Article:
The PSD is frequently referred to as a party that is not ideology-based, but rather a power party (partido do poder). It frequently adopts a functional big tent party strategy to win elections. Due to this strategy, which most trace to Cavaco Silva's leadership, the party is made up of many factions, mostly centre-right (including liberal democrats, Christian democrats and neoconservatives) as well as quasi-social-democrats and former communists:
Portuguese social democrats: the main faction when the party was created, throughout the party's history rightist politicians joined them to have a greater chance of gaining power and influencing the country's politics (see liberals, conservatives, right-wing populists and neoliberals). They do not follow traditional social democracy, but Portuguese social democracy as defined by Francisco Sá Carneiro's actions and writings, which includes a degree of centrist and leftist populism. They followed a kind of anti-class struggle party/cross-class party strategy. All the other members of the party claim to follow this line. Among its representatives were most of the leaders between Francisco Sá Carneiro and Cavaco Silva, Alberto João Jardim (also a founding member and an anti-neoliberal) and to an extent Luís Filipe Menezes (who called the PSD the "moderate left party") identified himself with a centre-left matrix and a united left strategy and defended a more open party on issues like abortion. José Mendes Bota is another left-wing populist. The Portuguese social-democrats are centered around the Grupo da Boavista (Boavista Group).
European-style social-democrats: follow traditional social democracy. They share with the Portuguese social democrats their presence at the creation of the party and "a non-Marxist progressivist line". Many of them (former party leader António Sousa Franco, party co-founder Magalhães Mota, writer and feminist Natália Correia) supported the Opções Inadiáveis (Pressing Options) manifesto, and then left to create the Independent Social Democrat Association (Associação Social Democrata Independente, ASDI) and the Social Democrat Movement (Movimento Social Democrata, MSD), forming electoral coalitions (later fusioning to) the Socialist Party during the 1970s-1980s. Some took part in the Democratic Renovator Party. A later example of a European-style Social democrat leaving the party for the Socialists is activist and politician Helena Roseta. The ones still in the party adapted to its current right-wing outlook or Portuguese social democracy. They today include former communists-turned centre-leftists, like Zita Seabra. Durão Barroso might have moved from Thatcherism to social democracy. Ironically, both Social Democrat factions were represented in the 2008 party elections by Manuela Ferreira Leite, economically neoliberal and socially conservative (often compared to Thatcher).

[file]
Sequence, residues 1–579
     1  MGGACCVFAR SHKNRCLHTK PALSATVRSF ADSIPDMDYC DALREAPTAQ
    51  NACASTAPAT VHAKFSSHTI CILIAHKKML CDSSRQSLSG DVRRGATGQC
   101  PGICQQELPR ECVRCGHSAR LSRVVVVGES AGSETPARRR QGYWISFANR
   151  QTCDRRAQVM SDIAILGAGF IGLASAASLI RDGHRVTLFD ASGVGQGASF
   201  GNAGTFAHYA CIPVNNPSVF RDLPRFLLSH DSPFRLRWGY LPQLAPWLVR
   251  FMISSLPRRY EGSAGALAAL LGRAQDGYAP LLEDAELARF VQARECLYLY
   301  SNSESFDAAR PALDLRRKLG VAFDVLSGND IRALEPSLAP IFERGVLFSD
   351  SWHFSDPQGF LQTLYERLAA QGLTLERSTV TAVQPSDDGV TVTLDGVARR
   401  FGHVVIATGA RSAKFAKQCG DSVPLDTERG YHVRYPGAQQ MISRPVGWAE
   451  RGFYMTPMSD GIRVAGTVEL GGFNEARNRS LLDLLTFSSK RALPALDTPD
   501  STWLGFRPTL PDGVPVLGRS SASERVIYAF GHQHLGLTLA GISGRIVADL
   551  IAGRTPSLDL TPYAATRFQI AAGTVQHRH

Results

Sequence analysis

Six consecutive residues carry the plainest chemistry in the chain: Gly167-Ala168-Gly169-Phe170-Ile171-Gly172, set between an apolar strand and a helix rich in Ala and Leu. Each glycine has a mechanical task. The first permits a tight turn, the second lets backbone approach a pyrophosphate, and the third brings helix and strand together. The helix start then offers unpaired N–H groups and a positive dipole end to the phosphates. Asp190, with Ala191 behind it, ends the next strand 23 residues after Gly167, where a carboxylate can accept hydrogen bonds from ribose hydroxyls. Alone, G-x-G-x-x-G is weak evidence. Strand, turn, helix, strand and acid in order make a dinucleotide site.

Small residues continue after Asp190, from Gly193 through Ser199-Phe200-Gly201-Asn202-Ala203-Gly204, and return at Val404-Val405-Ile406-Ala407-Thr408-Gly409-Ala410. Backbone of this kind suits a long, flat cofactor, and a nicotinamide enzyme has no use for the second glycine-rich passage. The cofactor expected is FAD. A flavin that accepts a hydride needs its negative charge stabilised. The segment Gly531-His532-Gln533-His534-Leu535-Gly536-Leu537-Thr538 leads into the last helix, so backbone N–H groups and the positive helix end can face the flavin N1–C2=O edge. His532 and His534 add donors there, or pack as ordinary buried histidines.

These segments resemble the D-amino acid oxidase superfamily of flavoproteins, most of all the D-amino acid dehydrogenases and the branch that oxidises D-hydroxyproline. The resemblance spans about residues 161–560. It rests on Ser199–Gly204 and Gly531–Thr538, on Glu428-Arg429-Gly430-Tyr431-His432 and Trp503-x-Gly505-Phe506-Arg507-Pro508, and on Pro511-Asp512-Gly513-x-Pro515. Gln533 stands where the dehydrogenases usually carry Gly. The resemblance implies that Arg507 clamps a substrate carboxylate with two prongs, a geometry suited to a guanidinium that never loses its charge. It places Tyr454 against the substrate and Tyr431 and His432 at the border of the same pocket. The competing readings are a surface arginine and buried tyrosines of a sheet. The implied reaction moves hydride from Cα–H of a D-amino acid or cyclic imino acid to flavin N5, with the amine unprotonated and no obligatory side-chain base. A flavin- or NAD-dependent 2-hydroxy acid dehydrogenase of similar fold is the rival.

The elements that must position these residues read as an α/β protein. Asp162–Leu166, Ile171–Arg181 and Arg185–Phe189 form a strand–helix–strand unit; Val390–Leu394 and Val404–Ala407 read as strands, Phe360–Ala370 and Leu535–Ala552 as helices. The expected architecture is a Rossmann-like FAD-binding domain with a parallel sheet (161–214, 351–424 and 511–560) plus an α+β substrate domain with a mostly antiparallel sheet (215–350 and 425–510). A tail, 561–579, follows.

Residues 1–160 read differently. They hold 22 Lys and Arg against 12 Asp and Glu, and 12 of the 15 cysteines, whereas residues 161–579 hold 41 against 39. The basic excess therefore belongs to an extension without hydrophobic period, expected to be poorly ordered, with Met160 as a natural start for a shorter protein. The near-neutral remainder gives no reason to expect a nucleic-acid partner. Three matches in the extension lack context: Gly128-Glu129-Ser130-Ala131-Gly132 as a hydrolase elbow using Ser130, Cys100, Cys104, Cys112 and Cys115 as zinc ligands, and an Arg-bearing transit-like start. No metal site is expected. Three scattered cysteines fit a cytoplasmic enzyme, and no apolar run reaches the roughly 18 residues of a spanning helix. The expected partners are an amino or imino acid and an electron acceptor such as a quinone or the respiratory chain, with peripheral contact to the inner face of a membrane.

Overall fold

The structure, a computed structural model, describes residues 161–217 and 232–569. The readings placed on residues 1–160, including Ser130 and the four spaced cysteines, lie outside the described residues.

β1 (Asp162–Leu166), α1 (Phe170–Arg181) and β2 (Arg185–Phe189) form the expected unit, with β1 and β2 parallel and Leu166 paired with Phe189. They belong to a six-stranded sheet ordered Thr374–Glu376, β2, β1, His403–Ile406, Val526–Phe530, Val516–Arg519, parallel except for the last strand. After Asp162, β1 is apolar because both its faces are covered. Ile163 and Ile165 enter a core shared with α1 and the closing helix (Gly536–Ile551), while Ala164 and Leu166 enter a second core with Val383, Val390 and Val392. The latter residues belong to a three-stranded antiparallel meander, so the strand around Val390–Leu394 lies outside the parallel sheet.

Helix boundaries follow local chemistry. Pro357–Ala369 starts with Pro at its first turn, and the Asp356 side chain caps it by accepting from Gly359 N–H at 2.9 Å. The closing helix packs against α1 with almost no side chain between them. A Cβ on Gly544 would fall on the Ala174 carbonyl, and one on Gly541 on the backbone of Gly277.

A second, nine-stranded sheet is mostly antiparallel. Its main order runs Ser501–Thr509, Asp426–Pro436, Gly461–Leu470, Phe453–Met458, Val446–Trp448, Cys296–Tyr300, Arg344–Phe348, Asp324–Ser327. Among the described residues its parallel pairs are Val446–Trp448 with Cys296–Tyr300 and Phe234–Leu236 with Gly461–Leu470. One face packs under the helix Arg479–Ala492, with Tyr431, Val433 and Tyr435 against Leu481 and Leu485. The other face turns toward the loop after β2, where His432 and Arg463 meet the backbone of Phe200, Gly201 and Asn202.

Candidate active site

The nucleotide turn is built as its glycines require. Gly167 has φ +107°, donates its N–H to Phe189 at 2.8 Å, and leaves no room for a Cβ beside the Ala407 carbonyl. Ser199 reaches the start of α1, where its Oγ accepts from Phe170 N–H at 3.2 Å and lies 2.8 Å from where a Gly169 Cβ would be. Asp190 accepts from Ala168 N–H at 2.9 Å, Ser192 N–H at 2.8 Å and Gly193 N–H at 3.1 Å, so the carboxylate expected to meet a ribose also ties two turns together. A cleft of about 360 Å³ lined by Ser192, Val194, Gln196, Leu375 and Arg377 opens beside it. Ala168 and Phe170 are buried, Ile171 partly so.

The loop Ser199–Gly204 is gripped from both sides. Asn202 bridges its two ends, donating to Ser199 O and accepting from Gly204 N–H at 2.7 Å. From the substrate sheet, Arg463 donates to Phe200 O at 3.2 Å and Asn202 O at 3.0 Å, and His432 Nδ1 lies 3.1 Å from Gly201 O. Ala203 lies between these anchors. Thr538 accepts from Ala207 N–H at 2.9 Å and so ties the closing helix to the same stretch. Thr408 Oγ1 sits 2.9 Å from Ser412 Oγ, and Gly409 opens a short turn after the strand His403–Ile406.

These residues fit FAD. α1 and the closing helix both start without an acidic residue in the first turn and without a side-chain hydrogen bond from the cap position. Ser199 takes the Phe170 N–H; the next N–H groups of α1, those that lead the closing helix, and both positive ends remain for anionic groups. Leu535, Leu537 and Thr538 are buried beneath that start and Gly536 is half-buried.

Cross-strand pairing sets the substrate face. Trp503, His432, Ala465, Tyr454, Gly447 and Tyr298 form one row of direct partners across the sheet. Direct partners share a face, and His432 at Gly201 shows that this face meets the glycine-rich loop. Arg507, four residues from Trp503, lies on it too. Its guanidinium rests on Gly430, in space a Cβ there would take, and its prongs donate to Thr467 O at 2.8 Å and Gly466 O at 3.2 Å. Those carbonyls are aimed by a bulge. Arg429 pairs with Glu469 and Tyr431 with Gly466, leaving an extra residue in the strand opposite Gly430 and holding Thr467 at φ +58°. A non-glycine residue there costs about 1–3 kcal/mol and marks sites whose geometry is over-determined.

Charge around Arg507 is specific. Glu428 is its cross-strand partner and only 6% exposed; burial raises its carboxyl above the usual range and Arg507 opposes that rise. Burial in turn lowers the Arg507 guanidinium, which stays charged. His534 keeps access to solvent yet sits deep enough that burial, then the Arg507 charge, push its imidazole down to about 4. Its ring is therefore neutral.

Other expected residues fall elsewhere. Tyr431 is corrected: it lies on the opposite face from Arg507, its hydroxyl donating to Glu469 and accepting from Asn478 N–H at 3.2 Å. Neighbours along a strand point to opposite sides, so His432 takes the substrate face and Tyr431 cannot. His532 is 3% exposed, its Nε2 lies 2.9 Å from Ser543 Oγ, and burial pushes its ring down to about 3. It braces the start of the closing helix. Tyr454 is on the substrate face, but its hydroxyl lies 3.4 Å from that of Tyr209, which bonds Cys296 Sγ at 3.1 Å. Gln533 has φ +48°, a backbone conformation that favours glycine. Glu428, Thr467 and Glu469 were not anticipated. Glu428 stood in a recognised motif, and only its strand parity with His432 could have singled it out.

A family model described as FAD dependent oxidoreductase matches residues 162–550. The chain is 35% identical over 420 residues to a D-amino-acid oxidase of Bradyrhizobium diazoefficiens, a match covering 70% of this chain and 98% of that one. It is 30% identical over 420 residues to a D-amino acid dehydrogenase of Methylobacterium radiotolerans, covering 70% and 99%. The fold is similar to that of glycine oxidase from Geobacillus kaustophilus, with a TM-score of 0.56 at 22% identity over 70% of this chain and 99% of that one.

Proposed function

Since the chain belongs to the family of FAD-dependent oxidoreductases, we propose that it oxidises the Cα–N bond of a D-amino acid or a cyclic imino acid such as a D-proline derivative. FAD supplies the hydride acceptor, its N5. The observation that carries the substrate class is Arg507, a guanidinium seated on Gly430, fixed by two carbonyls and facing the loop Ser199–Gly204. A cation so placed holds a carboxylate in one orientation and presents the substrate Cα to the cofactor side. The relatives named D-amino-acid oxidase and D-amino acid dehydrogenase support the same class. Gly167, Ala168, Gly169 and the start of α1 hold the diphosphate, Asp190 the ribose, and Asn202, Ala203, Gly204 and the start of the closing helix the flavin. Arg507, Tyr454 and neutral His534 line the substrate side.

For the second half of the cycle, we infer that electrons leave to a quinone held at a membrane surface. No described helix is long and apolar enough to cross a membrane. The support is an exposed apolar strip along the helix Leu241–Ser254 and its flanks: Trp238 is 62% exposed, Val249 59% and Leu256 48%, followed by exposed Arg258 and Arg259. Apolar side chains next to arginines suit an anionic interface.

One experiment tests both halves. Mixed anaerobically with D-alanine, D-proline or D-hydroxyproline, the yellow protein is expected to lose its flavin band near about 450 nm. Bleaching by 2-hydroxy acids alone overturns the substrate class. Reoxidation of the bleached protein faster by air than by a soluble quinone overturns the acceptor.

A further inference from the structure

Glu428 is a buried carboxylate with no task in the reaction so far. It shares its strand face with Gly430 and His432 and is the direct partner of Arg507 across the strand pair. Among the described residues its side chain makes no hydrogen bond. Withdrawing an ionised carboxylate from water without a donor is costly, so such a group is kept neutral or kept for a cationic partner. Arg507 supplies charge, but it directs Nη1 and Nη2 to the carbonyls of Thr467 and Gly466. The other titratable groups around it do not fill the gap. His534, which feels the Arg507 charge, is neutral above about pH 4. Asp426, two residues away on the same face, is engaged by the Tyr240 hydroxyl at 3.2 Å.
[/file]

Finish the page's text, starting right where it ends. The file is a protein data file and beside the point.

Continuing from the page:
Agrarianism: the other main faction at creation. The PSD was always more successful in the Northern and rural areas of the country. When Sousa Franco and his SPD-inspired social democrats started their break with the rest of the party he referred to a division between "a rural wing, led by Sá Carneiro, and an urban wing, more moderate and truly social democratic, close to the positions of Helmut Schmidt" Due to the electoral influence of ruralism on the PSD's politics they may be seen inside of or influencing most factions.
Christian democrats and social Christians: some claim the PSD as the party from Christian democracy and social Christianity from the beginning, or having these currents as part of its legacy. Marcelo Rebelo de Sousa is one of the main preachers of Social Christianity inside the PSD. As is Paulo Rangel.
Conservatives: with the post-revolutionary opposition to the right (see above in liberal) no specific conservative party was founded in Portugal; conservatives acted inside the CDS-PP and the PSD. Frequently linked with the neoliberals, pure conservatives are rare in the party as the usual partisan or politician of the party is economically moderate, but socially conservative. One of the rare exceptions of a pure conservative in this party was former party member and MP Vasco Pulido Valente, who is highly elitist and a cultural purist (unlike most of the party's partisans, who have various degrees of populism or meritocratism), highly conservative and traditionalist.